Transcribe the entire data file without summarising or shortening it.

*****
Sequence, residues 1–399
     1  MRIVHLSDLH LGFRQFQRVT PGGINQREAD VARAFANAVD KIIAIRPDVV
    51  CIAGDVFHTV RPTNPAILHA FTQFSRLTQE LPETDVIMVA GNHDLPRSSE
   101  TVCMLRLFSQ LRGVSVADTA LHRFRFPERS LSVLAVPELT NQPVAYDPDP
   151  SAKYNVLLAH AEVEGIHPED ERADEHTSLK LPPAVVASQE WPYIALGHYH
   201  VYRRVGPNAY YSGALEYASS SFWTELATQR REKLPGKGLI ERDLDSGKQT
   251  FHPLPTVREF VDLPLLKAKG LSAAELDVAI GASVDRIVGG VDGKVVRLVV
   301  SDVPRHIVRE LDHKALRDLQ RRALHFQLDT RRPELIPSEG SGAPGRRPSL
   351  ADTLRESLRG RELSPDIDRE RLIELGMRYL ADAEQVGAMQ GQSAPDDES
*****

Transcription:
Sequence, residues 1–399
     1  MRIVHLSDLH LGFRQFQRVT PGGINQREAD VARAFANAVD KIIAIRPDVV
    51  CIAGDVFHTV RPTNPAILHA FTQFSRLTQE LPETDVIMVA GNHDLPRSSE
   101  TVCMLRLFSQ LRGVSVADTA LHRFRFPERS LSVLAVPELT NQPVAYDPDP
   151  SAKYNVLLAH AEVEGIHPED ERADEHTSLK LPPAVVASQE WPYIALGHYH
   201  VYRRVGPNAY YSGALEYASS SFWTELATQR REKLPGKGLI ERDLDSGKQT
   251  FHPLPTVREF VDLPLLKAKG LSAAELDVAI GASVDRIVGG VDGKVVRLVV
   301  SDVPRHIVRE LDHKALRDLQ RRALHFQLDT RRPELIPSEG SGAPGRRPSL
   351  ADTLRESLRG RELSPDIDRE RLIELGMRYL ADAEQVGAMQ GQSAPDDES